Monday, April 19, 2010

Album Review: Morrissey – Viva Hate

This was Morrissey’s first solo album, released in the aftermath of the Smiths’ split. In these pre-internet days of 1988 I was somewhat taken aback that he had regrouped so quickly and was a little worried about the quality of the writing.

I needn’t have bothered worrying, the album is stronger than it has any right to be. He had been working with erstwhile Smiths producer Stephen Street, and guitar genius Vini Reilly (of Durutti Column). The album kicks off with the heavy Alsatian Cousin, which followed on nicely from heavier Smiths tracks like I Started Something I Couldn’t Finish. There is some wonderful imagery here – “leather elbows on a tweed coat, oh is THAT the best you can do?” After the vaguely Spanish sounding ode to a forgotten TV star Little Man, What Now? (Morrissey loves to throw in commas in his song titles!) came one of his most popular and enduring singles, Everyday Is Like Sunday, with soaring strings and an uplifting melody, sort of in the vein of There Is A Light That Never Goes Out.

Bengali in Platforms was criticised at the time for some semi-racist overtones but the tune itself is pleasant enough, and following track Angel, Angel, Down We Go Together is a pleasing bit of melodrama that some interpreted as an ode to Johnny Marr. Not that Morrissey would ever admit it.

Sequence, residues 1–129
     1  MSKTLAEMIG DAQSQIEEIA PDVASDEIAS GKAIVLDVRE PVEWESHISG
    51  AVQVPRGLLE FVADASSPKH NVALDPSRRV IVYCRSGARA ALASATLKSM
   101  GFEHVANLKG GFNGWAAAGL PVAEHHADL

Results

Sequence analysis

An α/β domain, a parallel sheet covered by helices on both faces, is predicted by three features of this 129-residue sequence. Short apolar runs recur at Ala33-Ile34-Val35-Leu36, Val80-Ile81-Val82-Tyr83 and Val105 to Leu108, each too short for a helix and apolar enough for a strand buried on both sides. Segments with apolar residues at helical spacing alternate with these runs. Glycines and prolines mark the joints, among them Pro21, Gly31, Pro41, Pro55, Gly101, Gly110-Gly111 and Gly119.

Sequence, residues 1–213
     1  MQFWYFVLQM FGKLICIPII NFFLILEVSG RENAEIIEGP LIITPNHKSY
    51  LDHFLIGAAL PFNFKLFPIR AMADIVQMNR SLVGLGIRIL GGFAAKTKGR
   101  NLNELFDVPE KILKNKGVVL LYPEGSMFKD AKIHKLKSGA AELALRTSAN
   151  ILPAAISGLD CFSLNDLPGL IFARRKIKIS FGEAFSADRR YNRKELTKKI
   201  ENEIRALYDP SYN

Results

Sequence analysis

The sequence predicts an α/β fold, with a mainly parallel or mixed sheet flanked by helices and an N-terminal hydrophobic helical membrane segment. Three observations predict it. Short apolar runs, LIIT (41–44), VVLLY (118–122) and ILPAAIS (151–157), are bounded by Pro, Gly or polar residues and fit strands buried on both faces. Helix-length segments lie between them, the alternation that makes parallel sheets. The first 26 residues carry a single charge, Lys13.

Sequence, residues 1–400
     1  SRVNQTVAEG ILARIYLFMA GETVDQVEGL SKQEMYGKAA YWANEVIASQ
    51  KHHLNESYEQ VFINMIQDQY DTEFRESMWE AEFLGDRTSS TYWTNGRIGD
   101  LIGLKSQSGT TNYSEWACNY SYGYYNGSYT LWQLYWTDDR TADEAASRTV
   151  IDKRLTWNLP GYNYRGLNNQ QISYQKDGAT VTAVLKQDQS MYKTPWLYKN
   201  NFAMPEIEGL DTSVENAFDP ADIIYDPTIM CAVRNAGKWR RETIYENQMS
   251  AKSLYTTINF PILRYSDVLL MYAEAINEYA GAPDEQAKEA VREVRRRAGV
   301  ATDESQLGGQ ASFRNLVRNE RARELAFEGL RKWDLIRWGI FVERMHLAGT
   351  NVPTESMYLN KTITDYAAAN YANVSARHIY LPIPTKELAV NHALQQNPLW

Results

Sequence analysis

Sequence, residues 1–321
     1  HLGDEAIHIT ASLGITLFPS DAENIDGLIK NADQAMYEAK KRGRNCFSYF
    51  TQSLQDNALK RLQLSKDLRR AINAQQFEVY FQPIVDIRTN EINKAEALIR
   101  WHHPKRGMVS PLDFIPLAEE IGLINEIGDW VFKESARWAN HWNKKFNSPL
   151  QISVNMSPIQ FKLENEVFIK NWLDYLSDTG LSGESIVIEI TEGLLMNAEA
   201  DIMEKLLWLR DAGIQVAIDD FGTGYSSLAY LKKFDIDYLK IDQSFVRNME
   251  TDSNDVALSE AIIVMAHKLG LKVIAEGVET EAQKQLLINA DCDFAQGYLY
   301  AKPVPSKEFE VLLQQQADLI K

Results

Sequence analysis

Album centrepiece Late Night, Maudlin Street is a seven minute epic tale of growing up, late night brushes with the law, and moving house. It features classic self-loathing Morrissey lyrics (“when the world’s ugliest boy became what you see, here I am, the ugliest man”, amongst many others) and some lovely piano (Street) and guitar touches from Reilly. When this was released, I actually was “moving house” and did feel like “a half-life was disappearing.”

After the poppy single Suedehead the album takes a bit of a dip in quality. Break Up the Family is quite pleasing though with some nice guitar over some bongos and a great vocal performance by Morrissey. Here shades of optimism take over in the lyrics – “I’m so glad to grow older, to move away from those darker years.” The next 2 tracks are comparably weak, The Ordinary Boys being a piano-led song without a very good tune basically, while I Don’t Mind If You Forget Me is basically a watered down version of the Smiths’ You Just Haven’t Earned It Yet Baby.

Dial-A-Cliché is great, with some lovely guitar lines and a nice bit of French horn, while closing track Margaret On the Guillotine brings Morrissey’s loathing of Thatcher to its logical conclusion. It’s a simple enough tune and lyrics that leave nothing to the imagination (“when will you die”). The song continues for a bit with some nice guitar touches before ending abruptly with the aforementioned guillotine.